The rappell was about 150' straight down to a five foot ledge on the waters edge. I went first and we moved as quick as I could on the slow rope, pushing the rope through my ATC. Patricia came next.
Then we waited and waited and waited for Fleming. He finally showed up. Apparently he had his prusik get stuck in the ATC, and the ropes guy came down and cut it off for him! Crazy.

It must have been 12 hours into the race, noon the next day when we started our coasteering to the canoes. We had the most amazing 25 mile paddle down Lake Adams to the next TA. We started out sloppy, but then Glenn and I put Patrica and Fleming's canoe on tow. This made it far more difficult for Glenn to keep our canoe straight, but he did a great job (even though I was constantly badgering him with "more left!", "hard right!"). After getting into a groove and really feeling like we were picking up time, we just HAD to stop. I protested stopping but it had to be done apparently, and.. we.. well.. I'll spare you the details but we all made a syncrinized deposit on the shore. Now much lighter we were able to cruise towards the end of the lake and the TA. The last few miles were not without drama though as things started to come off the hinges a bit. Teammates were running out of water, bonking, yelling at each other and everyone just generally wanting out of the boats!

I hit the shore running and I see the first place team, Banf Construction Co. com. Tom doesn't look happy realizing we gained 15 minutes on them in the water. But he's a good sport and gives me a low five as I cheer them on with "way to race guys!". Now it's on. We know we have a 4,000 + foot climb ahead of us and I am giddy like a school kid to chase them down. After another slow TA where we give too much time back, we head out. Up up up we go, taking turns towing Patricia we all look pretty good. After a couple hundred feet Fleming and I are now sort of rotating between towning Glenn and Patricia up the climb, but we are still moving fast. Around every corner I think to myself "I can't believe we haven't caught them yet!".

Finally as we are almost to the top of the climb we see them. Then Glenn starts to fall back. I put him on tow again and we are slowly closing the gap. Glenn is hurting and as I tow him he says "I have to get off, I have to walk". Walking a bike up hill is at least 4 times slower than riding it in granny gear. I thought to myself "if he gets off we will never catch them". So I started to yell at Glenn, "Don't get off your fucking bike! Do not walk, stay on that fucking bike!". That bought me about one more minute, then he got off, and they slowly pulled away again. As the terrain flattens out we chased them down and finally pass them, then they pass us down the next hill. As we chase I'm getting frustrated with our lack of speed. The other team starts to pull away on the downhill! I'm not impressed with our team. On the next downhill I follow them as they take a left hand turn and Glenn yells for me to stop. "It's the next turn" he says. He's right as we arrive in 1st place at the Lake Mickilveray CP.

Now we're off on the advanced course trying to get out of the area before the other team sees which way we went. It's getting exciting. We make a couple wrong turns and my excitement turns to anguish, and I'm nervious that they are catching up. We stop short of a CP and for the next 30 minutes preceed to look for the checkpoint... when - ah damn! Banf Construction has caught up. We continue to look to early on this road for the CP, they continue on, find it and speed downhill as we figure out what we are doing. Eventually we're on the right track again and flying downhill. We catch them again at the bottom, at the next CP. We all start up the final climb on the bikes. I'll be honest, I felt great and we had been making time on them the whole race. I felt as though they had been beating us on navigation and now that there really wasn't too much more, I thought for sure we had them. We just had 2,000+ feet to climb on bikes to the TA, then a few thousand feet running to the top of the ski resort and down to the finish in the village. Easy.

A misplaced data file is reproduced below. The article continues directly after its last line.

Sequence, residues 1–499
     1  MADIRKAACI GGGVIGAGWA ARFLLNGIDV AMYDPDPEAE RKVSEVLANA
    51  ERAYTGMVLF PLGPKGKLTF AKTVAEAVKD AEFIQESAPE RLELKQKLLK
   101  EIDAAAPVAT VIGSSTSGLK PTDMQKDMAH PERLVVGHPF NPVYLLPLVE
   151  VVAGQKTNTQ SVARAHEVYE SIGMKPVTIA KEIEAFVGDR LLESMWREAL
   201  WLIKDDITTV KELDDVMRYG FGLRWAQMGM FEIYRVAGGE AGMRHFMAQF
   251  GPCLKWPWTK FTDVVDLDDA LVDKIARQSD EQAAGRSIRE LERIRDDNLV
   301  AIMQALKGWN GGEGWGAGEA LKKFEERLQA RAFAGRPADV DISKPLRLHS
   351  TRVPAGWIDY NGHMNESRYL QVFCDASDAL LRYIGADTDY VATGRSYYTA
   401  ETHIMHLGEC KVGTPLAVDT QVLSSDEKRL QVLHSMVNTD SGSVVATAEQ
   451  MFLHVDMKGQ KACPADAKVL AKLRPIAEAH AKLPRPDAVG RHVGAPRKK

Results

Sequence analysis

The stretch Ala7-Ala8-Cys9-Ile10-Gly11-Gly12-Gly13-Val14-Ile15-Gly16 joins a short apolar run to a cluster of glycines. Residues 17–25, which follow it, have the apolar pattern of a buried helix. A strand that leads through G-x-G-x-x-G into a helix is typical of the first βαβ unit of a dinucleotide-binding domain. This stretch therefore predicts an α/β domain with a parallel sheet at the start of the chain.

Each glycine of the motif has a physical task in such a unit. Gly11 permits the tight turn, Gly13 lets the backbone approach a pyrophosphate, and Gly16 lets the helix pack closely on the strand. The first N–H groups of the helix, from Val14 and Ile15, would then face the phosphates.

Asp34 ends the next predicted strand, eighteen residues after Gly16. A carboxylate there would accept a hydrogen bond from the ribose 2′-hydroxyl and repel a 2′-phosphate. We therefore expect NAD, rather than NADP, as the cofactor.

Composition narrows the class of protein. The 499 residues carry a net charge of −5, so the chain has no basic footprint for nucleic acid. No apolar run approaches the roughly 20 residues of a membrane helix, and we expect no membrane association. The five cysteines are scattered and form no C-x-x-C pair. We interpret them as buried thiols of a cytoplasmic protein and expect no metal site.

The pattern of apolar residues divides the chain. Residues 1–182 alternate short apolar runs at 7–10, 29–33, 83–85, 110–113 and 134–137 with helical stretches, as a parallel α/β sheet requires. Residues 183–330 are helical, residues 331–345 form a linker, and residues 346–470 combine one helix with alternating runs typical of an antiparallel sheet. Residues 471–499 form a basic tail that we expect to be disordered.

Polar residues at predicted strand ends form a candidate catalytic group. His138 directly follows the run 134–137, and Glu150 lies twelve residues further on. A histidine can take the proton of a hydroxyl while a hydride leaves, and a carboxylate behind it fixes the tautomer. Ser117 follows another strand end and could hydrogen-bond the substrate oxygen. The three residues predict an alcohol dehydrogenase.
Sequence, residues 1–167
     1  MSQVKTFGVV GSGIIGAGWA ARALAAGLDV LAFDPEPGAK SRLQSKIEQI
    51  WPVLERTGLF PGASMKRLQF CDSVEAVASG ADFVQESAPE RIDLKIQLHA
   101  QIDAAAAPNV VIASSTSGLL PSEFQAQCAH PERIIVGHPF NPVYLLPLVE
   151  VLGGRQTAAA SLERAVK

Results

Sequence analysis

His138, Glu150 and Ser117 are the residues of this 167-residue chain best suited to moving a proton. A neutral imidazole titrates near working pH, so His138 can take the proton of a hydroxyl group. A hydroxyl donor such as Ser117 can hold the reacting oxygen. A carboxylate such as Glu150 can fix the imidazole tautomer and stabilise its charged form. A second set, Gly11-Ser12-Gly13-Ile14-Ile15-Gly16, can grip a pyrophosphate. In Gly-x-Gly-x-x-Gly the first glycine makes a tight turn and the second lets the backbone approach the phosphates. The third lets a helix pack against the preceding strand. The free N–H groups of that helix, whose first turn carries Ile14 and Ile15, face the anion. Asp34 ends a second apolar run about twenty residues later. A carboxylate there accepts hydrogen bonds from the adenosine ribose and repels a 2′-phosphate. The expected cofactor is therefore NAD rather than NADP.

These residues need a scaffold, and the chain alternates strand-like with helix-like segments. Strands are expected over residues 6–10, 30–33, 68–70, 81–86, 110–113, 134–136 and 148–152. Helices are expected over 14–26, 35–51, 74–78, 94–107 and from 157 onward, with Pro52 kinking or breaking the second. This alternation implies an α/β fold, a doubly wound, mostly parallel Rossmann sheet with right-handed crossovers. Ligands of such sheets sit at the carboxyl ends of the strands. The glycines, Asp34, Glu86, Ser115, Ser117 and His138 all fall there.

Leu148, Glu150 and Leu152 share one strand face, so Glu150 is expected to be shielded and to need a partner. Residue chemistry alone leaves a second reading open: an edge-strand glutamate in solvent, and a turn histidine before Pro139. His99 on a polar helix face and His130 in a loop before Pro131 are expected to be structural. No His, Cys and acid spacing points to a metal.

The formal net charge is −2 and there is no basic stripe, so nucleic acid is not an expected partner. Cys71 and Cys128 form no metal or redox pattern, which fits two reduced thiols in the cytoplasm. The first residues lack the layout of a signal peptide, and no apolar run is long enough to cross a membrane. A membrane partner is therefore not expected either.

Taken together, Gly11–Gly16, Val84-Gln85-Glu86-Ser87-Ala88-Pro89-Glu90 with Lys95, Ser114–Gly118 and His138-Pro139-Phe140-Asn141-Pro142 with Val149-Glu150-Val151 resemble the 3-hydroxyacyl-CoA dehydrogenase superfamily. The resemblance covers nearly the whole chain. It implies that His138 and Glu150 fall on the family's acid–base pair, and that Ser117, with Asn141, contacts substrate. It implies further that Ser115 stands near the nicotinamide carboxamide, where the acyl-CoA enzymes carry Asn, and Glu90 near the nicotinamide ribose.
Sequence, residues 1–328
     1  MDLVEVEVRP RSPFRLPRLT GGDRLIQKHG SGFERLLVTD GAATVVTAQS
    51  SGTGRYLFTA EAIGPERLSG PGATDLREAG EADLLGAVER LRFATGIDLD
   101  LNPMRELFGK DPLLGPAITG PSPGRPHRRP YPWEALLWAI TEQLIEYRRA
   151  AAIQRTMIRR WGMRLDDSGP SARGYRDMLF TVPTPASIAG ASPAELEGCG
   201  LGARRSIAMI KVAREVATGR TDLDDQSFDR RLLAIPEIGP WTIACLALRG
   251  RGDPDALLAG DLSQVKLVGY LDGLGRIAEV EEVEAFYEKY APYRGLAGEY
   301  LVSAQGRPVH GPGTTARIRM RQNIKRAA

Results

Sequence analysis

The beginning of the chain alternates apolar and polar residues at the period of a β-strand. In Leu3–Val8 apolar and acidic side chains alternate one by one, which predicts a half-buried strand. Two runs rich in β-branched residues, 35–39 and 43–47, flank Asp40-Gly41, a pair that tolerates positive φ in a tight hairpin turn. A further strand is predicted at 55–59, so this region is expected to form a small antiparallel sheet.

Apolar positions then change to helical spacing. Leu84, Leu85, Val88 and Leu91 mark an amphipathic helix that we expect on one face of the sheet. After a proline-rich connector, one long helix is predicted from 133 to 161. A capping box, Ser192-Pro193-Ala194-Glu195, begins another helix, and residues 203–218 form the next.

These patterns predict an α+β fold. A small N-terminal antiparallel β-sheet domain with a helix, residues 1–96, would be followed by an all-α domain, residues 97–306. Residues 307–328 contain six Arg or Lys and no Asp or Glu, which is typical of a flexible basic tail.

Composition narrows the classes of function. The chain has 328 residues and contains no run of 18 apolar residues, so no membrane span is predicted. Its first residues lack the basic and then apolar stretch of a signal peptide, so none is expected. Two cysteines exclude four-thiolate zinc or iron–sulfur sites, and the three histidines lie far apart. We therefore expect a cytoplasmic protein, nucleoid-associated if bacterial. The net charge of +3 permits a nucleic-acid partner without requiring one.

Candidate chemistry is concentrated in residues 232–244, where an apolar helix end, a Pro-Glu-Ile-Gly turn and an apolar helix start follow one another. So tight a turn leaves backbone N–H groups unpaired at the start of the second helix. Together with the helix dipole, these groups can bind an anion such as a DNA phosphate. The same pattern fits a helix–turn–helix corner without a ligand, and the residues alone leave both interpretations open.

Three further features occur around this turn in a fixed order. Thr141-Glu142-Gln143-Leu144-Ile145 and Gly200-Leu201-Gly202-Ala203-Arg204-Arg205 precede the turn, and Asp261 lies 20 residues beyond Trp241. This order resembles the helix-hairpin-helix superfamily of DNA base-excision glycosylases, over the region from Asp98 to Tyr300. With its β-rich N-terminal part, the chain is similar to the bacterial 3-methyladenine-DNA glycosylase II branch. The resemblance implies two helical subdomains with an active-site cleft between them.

As we started up this hill it got steep and very challenging with loose rock all over the place. It became a game for me to stay on my bike and ride it as team members from both teams started to fall off. I think Patricia and I rode the whole thing, passing the 1st place team in the process. Glenn and Fleming weren't too far behind and before long we were now leading again. This is when we came to an intersection that I knew was a left hand turn. Glenn wanted to wait there, and see if the other team would pass it. Didn't make much sense to me, and in hindsight I think this was a way for him to take a break. It didn't work either, after all that work they just passed us as we stood there (well actually Fleming was laying down on the side of the trail).

Once we gave them the lead back we started up again after them on this never ending climb. Glenn slowed and even with tows had to walk again. It was a heart breaker to watch them ever so slowly disappear.
In the TA they were gone in seconds and we took waaaay longer than we should have again. Tom told me later that he just sort of got lucky finding the CP at the top of the mountain. After hitting the top we headed down to the finish. I felt my teammates slowing as they realized that we were not going to win this one.. so I pushed even harder on the downhill, trying to will them to move faster - we might not win but I wanted to make it as close as possible and push to the end. After all was said and done we finished just 13 minutes behind them. Great race, frustrating finish.